Three main hydroelectric plants are situated on the Euphrates which provides only the 9% of the country electricity. The 90% of the electric power is produced by the 880-megawatt al-Thawra Dam and the 630-megawatt Tishreen Dam. The overuse[[file:/D:/Links/Desktop/Syria Policy and Law subgroup.docx#_ftn20|[20]]] and the pollution of the water resources result once again from the inadequate treatment of this precious natural resources. A proposed solution for the national needs has been represented by new technology in alternative to a diplomatic solution which at the moment seems improbable due to the political internal problem and Syrian diplomatic isolation. The proposal come out from Professor Dr. Ahmet Mete Saatci, vice secretary-general of the fifth World Water Forum[[file:/D:/Links/Desktop/Syria Policy and Law subgroup.docx#_ftn21|[21]]] and a distinguished civil engineer, chair and professor of environmental engineering at Turkey's Marmara University since 1991 suggest to finance such new technology project with the new foreign investments in the country[[file:/D:/Links/Desktop/Syria Policy and Law subgroup.docx#_ftn22|[22]]]. Steven L. Stockton, Director Civil Works, USACE and World Water Council Governor, stated that “Sustainable water resources management strategies are an essential element of National Security.” [[file:/D:/Links/Desktop/Syria Policy and Law subgroup.docx#_ftn23|[23]]]//
    1.4 Health[[file:/D:/Links/Desktop/Syria Policy and Law subgroup.docx#_msocom_5|[G5]]]
    Population growth pressure in the area of the Tigris Euphrates water basin have caused the expansion of the industrial activities as well as the agricultural one. Human activities represent one of the major threat to water quality which is one of the basic element of the survival of on earth ecosystems.
    Climate change affect the water cycle together with manmade intervention on environment causes water quality loss in addition to water quantity one. Degradated ecosystems by polluted water has negative direct effects on fisheries, biodiversity, agriculture threatening good quality food. The most affected people in Syria by this specific problem are those who live near contamined waterways and those who do not have access to alternative safe water and to improved sanitation.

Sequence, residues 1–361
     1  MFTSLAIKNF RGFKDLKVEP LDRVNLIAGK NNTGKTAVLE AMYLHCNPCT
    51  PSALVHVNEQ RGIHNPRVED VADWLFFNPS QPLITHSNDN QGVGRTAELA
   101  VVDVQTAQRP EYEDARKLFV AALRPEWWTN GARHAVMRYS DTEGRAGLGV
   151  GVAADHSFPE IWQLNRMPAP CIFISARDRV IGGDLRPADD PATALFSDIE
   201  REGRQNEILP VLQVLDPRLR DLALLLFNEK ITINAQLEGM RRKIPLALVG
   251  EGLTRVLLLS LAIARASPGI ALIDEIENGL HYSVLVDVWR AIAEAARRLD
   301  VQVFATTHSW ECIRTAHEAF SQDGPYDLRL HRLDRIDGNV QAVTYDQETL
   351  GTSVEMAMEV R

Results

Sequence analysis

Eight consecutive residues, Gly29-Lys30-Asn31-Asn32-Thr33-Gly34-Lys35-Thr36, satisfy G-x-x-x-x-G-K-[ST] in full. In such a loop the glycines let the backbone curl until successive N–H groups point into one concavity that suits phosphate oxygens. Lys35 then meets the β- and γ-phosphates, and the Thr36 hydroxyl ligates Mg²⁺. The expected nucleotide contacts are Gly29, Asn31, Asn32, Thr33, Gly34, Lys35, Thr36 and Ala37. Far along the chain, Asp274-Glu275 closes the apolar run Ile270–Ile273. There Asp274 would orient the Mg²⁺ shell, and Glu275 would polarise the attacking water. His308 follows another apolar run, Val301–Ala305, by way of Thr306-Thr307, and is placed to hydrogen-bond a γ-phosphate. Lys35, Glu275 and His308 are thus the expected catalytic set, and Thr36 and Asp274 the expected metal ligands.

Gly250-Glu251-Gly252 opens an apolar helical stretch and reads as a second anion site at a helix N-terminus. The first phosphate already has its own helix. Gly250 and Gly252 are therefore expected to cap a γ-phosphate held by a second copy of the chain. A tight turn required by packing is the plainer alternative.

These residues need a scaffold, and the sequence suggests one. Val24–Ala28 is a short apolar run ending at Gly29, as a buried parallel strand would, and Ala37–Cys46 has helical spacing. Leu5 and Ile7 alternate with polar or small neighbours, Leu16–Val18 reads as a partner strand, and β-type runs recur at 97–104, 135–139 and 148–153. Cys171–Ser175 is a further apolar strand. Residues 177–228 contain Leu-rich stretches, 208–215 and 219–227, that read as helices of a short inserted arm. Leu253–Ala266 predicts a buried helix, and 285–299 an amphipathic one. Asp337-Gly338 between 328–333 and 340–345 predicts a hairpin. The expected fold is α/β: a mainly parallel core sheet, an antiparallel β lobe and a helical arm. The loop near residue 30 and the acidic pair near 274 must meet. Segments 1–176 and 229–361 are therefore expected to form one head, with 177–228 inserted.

Monitoring activities[[file:/D:/Links/Desktop/Syria Policy and Law subgroup.docx#_ftn24|[24]]] conducted in Syrian Arab Republic have demonstrated that industrial activities[[file:/D:/Links/Desktop/Syria Policy and Law subgroup.docx#_ftn25|[25]]] together with municipal are one of the major cases of pollution in the water basin. Scarce water quality effects due to water pollution cause health disease that have been identified by the Food and Agriculture Organization[[file:/D:/Links/Desktop/Syria Policy and Law subgroup.docx#_ftn26|[26]]] as following:
    1. Scarcity of ground water resources and orientation toward the use of waste water to meet shortage
    2. Lack of infrastructure, and in particular those related waste water treatment and disposal
    3. Lack of health awareness and proper handling of polluted water
    4. Absence or lack of adoptions of regulations related to protection of the environment and public health
    The World Bank Mediterranean Environmental Technical Assistance Program (METAP) has extimated that the environmental pollution costs consist in 4.1% of the national GDP (US $ 600 million/ year) in addiction to illness cost which are the 0.7%[[file:/D:/Links/Desktop/Syria Policy and Law subgroup.docx#_ftn27|[27]]] and the water resource degradation and inadequate potable water sanitation and hygiene which have been estimated around 1.0%.
    {http://ssp11-tp-water.wikispaces.com/site/embedthumbnail/placeholder?w=316&h=193} {http://ssp11-tp-water.wikispaces.com/site/embedthumbnail/placeholder?w=200&h=192}
    The legal framework for water quality management at the present consist in the old French water law decree no. 2145 (1971) and law no. 17 (1982) that regulate water exploitation as well as water quality monitoring.
    According to the METAP new water and environmental law are pending. Those reforms intended to protect public water from pollution and identify sanctions for violations, which include failures in protecting water quality and using untreated waste water for irrigation.
    Local institutions which deal with water quality issues are the Ministry of Irrigation that einforce compliance with waste water discharge regulations for drinking water and establishing municipal water purification plants and water distribution networks.
    Unfortunately the instable political and economical situation in the country, Ministries lacked of funds, even though Syria benefits of the intervention of many international organizations, for instance the World Bank and the International Monetary Fund and external aid, mainly from Arab countries.[[file:/D:/Links/Desktop/Syria Policy and Law subgroup.docx#_ftn28|[28]]]. thanks to those contributions Syria’ s achievements can be resumed as: